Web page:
New York, June 27, 2001 — CPJ is gravely concerned about the apparent abduction of two Belgian documentary filmmakers in the Indonesian province of Papua.
Philippe Simon and Johan van Den Eynde were reported missing on June 7, when they left for the jungle east of Nabire, a coastal city about 500 kilometers (310 miles) southwest of the provincial capital, Jayapura.
A leader of one of the factions of the Free Papua Movement (Organisasi Papua Merdeka, or OPM), an armed group fighting for independence from Indonesian rule, claims to be holding the journalists hostage in order to attract international attention to the OPM cause.
On June 25, church mediators in Jayapura received a letter from rebel commander Kelly Kwalik. In the letter, which was addressed to Indonesian president Aburrahman Wahid, Kwalik took responsibility for the kidnapping and called for an “international dialogue” on the status of the territory. Papua, which is also known as Irian Jaya, is the western half of the island of New Guinea and has been under Indonesian control since 1963.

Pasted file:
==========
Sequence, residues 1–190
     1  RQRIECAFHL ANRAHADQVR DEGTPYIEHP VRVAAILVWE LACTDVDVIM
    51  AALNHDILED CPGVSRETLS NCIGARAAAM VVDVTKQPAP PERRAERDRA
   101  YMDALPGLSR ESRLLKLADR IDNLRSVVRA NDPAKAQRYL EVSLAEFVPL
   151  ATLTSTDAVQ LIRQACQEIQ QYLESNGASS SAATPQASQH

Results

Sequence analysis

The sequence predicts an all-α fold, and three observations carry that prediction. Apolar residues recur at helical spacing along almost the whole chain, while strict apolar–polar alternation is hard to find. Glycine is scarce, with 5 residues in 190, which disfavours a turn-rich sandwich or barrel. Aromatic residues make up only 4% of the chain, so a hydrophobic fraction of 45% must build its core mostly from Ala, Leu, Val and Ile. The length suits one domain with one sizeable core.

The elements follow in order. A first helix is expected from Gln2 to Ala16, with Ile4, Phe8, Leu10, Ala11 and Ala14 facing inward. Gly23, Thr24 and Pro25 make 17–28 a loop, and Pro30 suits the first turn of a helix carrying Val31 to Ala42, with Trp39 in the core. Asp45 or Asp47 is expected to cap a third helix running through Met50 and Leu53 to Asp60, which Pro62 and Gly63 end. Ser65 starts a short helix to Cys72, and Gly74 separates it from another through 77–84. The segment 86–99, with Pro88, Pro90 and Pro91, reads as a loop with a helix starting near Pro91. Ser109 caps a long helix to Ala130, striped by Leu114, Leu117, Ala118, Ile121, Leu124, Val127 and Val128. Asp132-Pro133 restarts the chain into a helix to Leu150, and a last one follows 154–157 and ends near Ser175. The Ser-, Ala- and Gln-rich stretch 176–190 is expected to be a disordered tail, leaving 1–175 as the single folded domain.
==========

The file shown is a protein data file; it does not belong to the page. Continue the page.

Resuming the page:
“Kidnapping journalists violates international humanitarian law and is certainly not a good public relations strategy,” said CPJ deputy director Joel Simon. “If the OPM is indeed holding Simon and van Den Eynde, we urge them to release the journalists immediately and guarantee their safety.”
Indonesian police have reportedly authorized the district head of Ilaga, a region in the central highlands where Simon and van Den Eynde are thought to be held, to negotiate for the journalists’ release.
“We urge Indonesian authorities to make every effort to secure the safe release of these journalists, while exercising due caution and restraint,” added Simon.
In 1996, a hostage crisis involving Kelly Kwalik’s faction of the OPM ended with an Indonesian military raid that cost the lives of two Indonesian civilians.